DJ Cake, 35, does not come across as a megastar. As he sips his drink in a Phnom Penh backpacker hostel while visiting his friend at work, he has the air of a serious businessman, with only the massive ring on his finger betraying his status as a hip-hop idol. Every Monday from 6pm to 7pm and every Saturday from 11:30pm to 12:30am, he performs his rap tunes, which are mostly Khmer covers of American rappers, ranging from Snoop Dog to Flo-Rida, on TV 9. However, his performances take him to most Cambodian television channels, both as a rapper and brand spokesman, with advertisement roles ranging from a mafioso dealing briefcases of cookies to a love-struck geek pursuing a girl at a café. He spoke to Bennett Murray about his life as a Cambodian superstar and the need to be a clean role model for the youth..
How did you get your rapper name?
Everyone loves cake. Like a birthday cake, wedding cake, every time you party, you party with a cake.
How did you get your start in rapping?
I first listened to rap in 2000. My first favourite rapper was Jay-Z. Before, I had been a radio DJ since 1997, one year after I moved to Phnom Penh from Kampong Speu, where I grew up. My parents were labourers, so we were not rich.
When I began working in radio, I did the French connection programme, where we talked in both French and Khmer. I studied French for more than 20 years, but I’ve never been to France. From there, sponsors began to notice me, and I began to move upward.
Do people ever recognise you?
Yeah, everywhere. I’m always good with them and friendly. But all the girls like me, and then the boyfriends, say, ‘oh, no’. I will be eating at Lucky Burger, and some girl will say, ‘Aww! DJ Cake!’ But then her boyfriend will say, ‘He’s no good.’ He’s very jealous.
What does your wife think about your career, and all the female admirers?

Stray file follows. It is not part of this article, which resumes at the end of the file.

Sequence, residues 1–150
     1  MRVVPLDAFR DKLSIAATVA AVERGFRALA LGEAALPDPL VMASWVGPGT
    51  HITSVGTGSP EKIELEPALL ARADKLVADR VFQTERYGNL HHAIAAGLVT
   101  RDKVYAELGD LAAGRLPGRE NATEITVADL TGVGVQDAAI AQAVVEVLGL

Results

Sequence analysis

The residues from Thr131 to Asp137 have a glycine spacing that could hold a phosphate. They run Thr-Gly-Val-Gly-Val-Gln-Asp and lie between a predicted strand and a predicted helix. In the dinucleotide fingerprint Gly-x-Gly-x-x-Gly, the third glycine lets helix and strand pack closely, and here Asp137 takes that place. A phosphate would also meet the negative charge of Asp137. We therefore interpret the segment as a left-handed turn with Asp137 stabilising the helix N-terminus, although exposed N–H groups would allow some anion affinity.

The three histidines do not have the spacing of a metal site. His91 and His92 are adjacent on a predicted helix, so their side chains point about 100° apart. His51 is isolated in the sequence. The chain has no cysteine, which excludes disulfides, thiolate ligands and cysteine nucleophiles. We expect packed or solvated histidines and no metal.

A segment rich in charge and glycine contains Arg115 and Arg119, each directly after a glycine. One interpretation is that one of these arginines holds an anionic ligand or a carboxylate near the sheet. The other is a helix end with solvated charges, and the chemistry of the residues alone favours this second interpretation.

She sees me with a lot of pretty girls in the videos. But she understands that it is just my work. And I love my wife; she keeps me on a straight path.
What do you rap about?
We talk about Phnom Penh. We are talking about Phnom Penh developing every day. Big buildings, hospitals, pagodas, basically to appreciate the development. Phnom Penh has everything, just like any other place. We are talking about Phnom Penh life. And I rap about pretty girls, too.
Do you ever delve into social issues?
I also rap about drug abuse. There’s a lot of drugs in Phnom Penh, so I rap about [that]. It is all part of the environment in Cambodia, so we need education.
Do you see yourself as a role model for Cambodian youth?
Many, many kids want to be like me. I’ve been through a lot, and I don’t want kids to make the mistakes I’ve seen people make.
Kids won’t go to school, they’ll go with their girlfriends and boyfriends, and do things like smoke shisha when they should be in school.
Sometimes, parents come to me, and say, ‘Cake, my kid won’t go to school, he’s on drugs.’
When those parents talk to me, I tell them they must send their kids to rehab.
Parents like me, because they know I educate the youth about drugs. I also talk to the kids, because the kids don’t want to hear it, but they’ll hear it from me.
In Cambodia, you have to be clean to be a rapper. If people say I do drugs, that I’m a gangster, I will lose my sponsors. So I stay clean.